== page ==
On April 21, 2023, the National Oceanic and Atmospheric Administration‘s (NOAA) Coastal Management Office approved $2.2 million in new funding to support a far-reaching restoration initiative at Elkhorn Slough, on the California coast near Watsonville, just south of San Francisco.
The funding, generated by the Bipartisan Infrastructure Law with funding leveraged by the Inflation Reduction Act, will bring back species across an entire coastal landscape—from coastal grasslands to tidal salt marsh, eelgrass beds to native oysters.
This restoration will take place on the Elkhorn Slough National Estuarine Research Reserve, owned and managed by the California Department of Fish and Wildlife in partnership with NOAA and the Elkhorn Slough Foundation.
“With this effort, we’re using a holistic approach to put the puzzle pieces of an ecosystem together and restore an entire coastal landscape,” notes Reserve Manager Dave Feliz.
More than 90 percent of California’s wetlands have vanished over the past century.
Today, Elkhorn Slough features the most extensive salt marshes in California south of San Francisco Bay. Yet without intervention, its remaining marshes are projected to be lost within 50 years due to rising sea levels, subsidence, and tidal erosion.
Tidal salt marshes filter impurities from runoff, recycle nutrients, provide critical habitat, and serve as cradles of biodiversity to young fish, invertebrates, and other wildlife. These marshes are a key part of the rich ecosystem at Elkhorn Slough that supports more than 340 bird, 550 marine invertebrate, and 102 fish species.
Over the past century, the coastal landscapes around this estuary have been highly altered, with habitat lost to diking and species affected by pollution. Iconic species such as pickleweed, eelgrass, and oysters play vital roles in supporting fish, birds, and sea otters as well as in taking up carbon dioxide and pollutants.
Bringing back these species is critical because they each form the foundation of a distinctive coastal habitat, and this effort will employ a unique restoration approach for each species.
Salt marsh will be returned to an area where it was lost due to diking. Dikes cut off tidal waters, the lifeblood of salt marsh habitat, and led to soils drying out and sinking too low for marsh to grow after the dikes were breached.
To reverse this, soil is being scraped from a nearby fallowed farm to raise the elevation back up high enough to support marshes.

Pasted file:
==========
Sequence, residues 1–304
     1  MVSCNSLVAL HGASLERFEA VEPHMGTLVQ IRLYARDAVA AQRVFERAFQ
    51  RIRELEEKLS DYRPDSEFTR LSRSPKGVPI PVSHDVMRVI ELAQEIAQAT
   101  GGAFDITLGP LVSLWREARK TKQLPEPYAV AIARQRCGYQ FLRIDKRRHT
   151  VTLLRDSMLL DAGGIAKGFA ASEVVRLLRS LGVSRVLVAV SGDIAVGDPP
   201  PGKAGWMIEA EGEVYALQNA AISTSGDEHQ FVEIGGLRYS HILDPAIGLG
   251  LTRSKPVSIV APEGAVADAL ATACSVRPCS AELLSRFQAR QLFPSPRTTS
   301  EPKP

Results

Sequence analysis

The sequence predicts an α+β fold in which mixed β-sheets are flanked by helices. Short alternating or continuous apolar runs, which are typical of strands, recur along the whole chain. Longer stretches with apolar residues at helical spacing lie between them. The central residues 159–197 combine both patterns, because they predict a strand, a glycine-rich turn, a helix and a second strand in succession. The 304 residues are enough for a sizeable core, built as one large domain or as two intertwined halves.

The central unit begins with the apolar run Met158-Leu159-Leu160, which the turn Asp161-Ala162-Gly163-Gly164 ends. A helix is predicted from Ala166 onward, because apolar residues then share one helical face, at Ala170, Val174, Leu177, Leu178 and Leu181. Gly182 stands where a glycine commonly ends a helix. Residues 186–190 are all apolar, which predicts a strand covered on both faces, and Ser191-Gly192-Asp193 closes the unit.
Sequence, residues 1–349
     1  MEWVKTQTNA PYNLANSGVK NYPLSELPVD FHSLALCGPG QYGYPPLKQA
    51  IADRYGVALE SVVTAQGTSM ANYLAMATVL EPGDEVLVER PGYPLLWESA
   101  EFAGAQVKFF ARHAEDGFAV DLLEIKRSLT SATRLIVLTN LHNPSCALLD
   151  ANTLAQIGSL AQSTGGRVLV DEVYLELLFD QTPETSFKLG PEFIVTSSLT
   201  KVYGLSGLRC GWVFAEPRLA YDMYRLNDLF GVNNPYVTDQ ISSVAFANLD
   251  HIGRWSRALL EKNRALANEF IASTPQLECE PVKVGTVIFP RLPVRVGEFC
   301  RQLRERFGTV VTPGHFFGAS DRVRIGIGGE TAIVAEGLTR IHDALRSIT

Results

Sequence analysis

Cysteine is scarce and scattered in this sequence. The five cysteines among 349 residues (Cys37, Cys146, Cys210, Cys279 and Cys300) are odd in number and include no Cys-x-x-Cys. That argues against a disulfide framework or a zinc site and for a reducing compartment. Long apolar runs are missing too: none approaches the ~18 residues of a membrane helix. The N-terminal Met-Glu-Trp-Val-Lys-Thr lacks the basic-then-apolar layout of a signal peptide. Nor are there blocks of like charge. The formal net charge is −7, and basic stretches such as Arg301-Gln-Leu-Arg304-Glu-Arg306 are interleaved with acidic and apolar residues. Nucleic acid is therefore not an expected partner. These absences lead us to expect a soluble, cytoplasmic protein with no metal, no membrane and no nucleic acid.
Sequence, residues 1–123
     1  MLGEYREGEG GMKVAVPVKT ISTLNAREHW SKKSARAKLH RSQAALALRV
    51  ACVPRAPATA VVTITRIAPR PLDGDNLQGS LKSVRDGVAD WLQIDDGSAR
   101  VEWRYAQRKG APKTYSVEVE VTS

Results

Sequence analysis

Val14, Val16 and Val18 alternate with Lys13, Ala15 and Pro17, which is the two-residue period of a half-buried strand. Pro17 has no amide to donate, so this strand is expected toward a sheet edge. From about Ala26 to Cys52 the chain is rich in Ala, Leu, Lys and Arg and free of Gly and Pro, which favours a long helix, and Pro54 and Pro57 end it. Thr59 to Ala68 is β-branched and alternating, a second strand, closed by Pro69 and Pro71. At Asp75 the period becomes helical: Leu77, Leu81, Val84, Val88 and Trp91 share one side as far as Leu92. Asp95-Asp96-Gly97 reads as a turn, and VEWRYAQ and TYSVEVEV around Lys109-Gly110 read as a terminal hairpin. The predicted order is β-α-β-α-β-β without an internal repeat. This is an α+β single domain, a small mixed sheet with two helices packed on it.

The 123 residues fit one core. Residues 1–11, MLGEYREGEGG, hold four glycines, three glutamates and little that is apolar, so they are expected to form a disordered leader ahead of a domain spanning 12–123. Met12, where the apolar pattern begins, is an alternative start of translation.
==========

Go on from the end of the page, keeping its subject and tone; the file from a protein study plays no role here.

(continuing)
“We are building this marsh high enough to last in the face of rising seas, long after most other marshes in the estuary have drowned,” says the Reserve’s Tidal Wetland Program Director Monique Fountain, who is heading up the restoration project as part of a larger, ongoing marsh restoration initiative.
Coastal prairie will be restored to the scraped source areas of soil for the marsh. These areas with fewer weeds provide an opportunity for planting native grassland species before non-native plants become established.
The new grasslands will be home to grasses that grew here for millennia but have become rare in the last century.
Eelgrass, which grows in meadows beneath the tides, will be restored by taking plugs from dense existing beds and bringing them into the newly restored, unvegetated tidal creeks of the marsh restoration area.
Melding eelgrass and marsh restoration is a new approach that researchers hope will benefit both habitat types.
Dr. Kathryn Beheshti, who is leading this component of the restoration, will monitor how eelgrass protects the new creek banks from erosion by slowing wind waves, as well as how the restored habitats provide refuge for commercially valuable fish species and sea otters.
Oysters in Elkhorn Slough are at dire risk of local extinction, with no successful reproduction in the wild since 2012. To restore these vanishing filter feeders, scientists have pursued a novel approach, capitalizing on techniques used by commercial oyster farmers.
They will bring adult oysters from the slough to an aquaculture facility at Moss Landing Marine Labs, where they will be fed and warmed until they produce larvae.
The larvae settle out on clam shells provided by the aquaculturists. When they are dime-sized, the baby oysters will be reintroduced to the restored tidal creeks.
“Oysters have lived in Elkhorn Slough for thousands of years,” notes Reserve Research Coordinator Dr. Kerstin Wasson. “I don’t want them to disappear on my watch.”
Indigenous people harvested oysters from Elkhorn Slough for millennia. Out of respect for this long past relationship, the Reserve invited the Amah Mutsun Land Trust to collaborate in the oyster restoration project.
Members of the tribal band will participate in shellfish restoration and monitoring, deepening a shared connection to coastal resources at Elkhorn Slough and beyond.
“This project will provide the Amah Mutsun Tribal Band with opportunities to connect with wetland habitats and species on their ancestral lands, and I look forward to learning from their perspectives on coastal stewardship,” notes Wasson.
This innovative, integrated approach to coastal restoration will be scientifically designed and monitored so that lessons learned can be shared broadly with other coastal managers.
As the grassland, marsh, eelgrass, and oyster habitats grow, the Reserve will share progress with the local community and with conservation scientists.
Photo courtesy of the Elkhorn Slough Foundation.